Educators speak up for professor fighting defamation claim

Thursday, April 2, 1998

A defamation claim filed by the nation's largest nursing home company against a university professor could determine the fate of academic freedom and professorial research, say academics across the nation.


Beverly Enterprises Inc., is suing Dr. Kate Bronfenbrenner, a professor at Cornell University, in federal court for $225,000 for oral and written statements she made at a town hall meeting held in Pittsburgh last May. The company also seeks access to the professor's research on union activities.


Called by various members of Congress, the town hall meeting at Allegheny County Courthouse featured testimony from several speakers about a federal bill known as the Federal Procurement and Assistance Integrity Act.


In its complaint filed in February, Beverly alleges that “the true purpose of this 'town hall' meeting was to provide a forum designed solely to attack Beverly and assist the [Service Employees International Union] in its campaign to cause economic harm to Beverly and its nursing homes in Pennsylvania.”


Beverly contends Bronfenbrenner made several defamatory comments, including the following statement: “Ten years later, despite being subjected to repeated [National Labor Relations Board] complaints for egregious and widespread violations of the National Labor Relations Act, we still find Beverly Enterprises to be one of the nation's most notorious labor law violators.”


Donald Dotson, Beverly's senior vice president for labor and employment, told The New York Times that Bronfenbrenner's remarks “were based on many gross errors concerning Beverly, which should not have been the case if rigorous research had really been conducted. … It's not our harm our desire to destroy anyone or harm anyone. If we could arrive at some accommodation to set this situation right and to set the record straight, that's all we're looking for. We just want the truth.”


However, academics decry the lawsuit as an assault on academic freedom. The New York Times reports more than 500 professors sent an e-mail petition to the company, saying the suit “was intended to send a warning to Dr. Bronfenbrenner and to other academics not to engage in honest inquiry into topics a powerful corporation finds unpleasant.”


Bronfenbrenner told the paper: “I'm very frightened and outraged by this, because it represents a real attack on scholars like myself from taking part in public debates.”


Officials at the American Association of University Professors agree that the lawsuit threatens academic freedom and free-speech rights of professors.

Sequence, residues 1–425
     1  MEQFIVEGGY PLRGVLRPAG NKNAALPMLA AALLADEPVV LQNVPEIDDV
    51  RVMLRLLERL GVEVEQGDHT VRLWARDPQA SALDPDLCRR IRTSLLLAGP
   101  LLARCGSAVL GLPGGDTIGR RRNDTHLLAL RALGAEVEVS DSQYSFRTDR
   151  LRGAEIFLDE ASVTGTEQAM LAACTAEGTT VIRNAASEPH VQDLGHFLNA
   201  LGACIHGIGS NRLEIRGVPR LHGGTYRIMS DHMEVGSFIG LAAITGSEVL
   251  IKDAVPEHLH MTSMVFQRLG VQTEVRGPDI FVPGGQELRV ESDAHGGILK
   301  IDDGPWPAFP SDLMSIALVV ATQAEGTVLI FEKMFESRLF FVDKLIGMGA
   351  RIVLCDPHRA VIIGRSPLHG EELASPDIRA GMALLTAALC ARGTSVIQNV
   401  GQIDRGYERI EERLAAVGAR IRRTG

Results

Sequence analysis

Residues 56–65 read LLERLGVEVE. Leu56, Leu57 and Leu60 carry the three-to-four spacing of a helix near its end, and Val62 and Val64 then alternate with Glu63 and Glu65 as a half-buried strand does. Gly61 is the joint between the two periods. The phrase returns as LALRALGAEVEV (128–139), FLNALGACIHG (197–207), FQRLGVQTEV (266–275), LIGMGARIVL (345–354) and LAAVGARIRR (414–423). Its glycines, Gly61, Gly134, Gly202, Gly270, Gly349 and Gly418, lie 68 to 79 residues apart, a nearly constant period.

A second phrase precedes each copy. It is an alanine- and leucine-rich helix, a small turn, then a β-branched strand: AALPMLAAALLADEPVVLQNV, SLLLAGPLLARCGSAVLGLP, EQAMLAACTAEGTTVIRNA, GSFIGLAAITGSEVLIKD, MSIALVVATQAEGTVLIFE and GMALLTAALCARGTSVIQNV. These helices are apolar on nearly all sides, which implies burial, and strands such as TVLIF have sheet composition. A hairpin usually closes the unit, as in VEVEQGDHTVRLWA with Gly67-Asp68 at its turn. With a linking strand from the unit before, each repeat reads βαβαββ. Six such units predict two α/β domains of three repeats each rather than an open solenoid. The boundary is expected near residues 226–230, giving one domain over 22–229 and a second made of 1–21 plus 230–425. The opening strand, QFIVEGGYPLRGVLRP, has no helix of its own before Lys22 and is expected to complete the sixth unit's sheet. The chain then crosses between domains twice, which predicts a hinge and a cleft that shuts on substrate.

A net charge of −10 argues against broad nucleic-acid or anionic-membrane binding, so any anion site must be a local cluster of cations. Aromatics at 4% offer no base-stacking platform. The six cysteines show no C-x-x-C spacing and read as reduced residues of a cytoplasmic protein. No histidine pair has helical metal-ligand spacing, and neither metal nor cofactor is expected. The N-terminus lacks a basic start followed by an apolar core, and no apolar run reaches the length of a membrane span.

Jonathan Knight, associate secretary for the association, said: “As far we know, this is the first case in which a corporation has sued a faculty member for defamation. This case and the discovery requests filed by Beverly combine to form a very serious threat to academic freedom.”


Knight says that “the importance of this case for academic freedom lies in the fact that there are literally thousands of faculty members who do research on current social, political and economic issues of critical importance. If this lawsuit stands, professors will fear speaking out on these issues; the chilling effect is palpable.


“Professors often delve into areas in their research which can rankle the feathers of powerful corporations. Academics like Dr. Bronfenbrenner should be free to speak about their research in any public fora without fear of lawsuits filed by corporations with deep pockets,” he said.


Knight says that another possible defense for Dr. Bronfenbrenner is a legislative privilege defense, which shields an individual from defamation liability for comments made during the legislative process.


He said that a federal court recently dismissed another lawsuit brought by Beverly Enterprises, Inc., against a local union official, who also spoke out against Beverly at the town hall meeting and who used a legislative privilege defense.


However, Beverly Enterprises in their complaint states that “Bronfenbrenner's statements are not protected by any legislative privilege because they were not made during the course of an official congressional hearing, nor were the communications preliminary to an actual or seriously contemplated legislative proceeding.”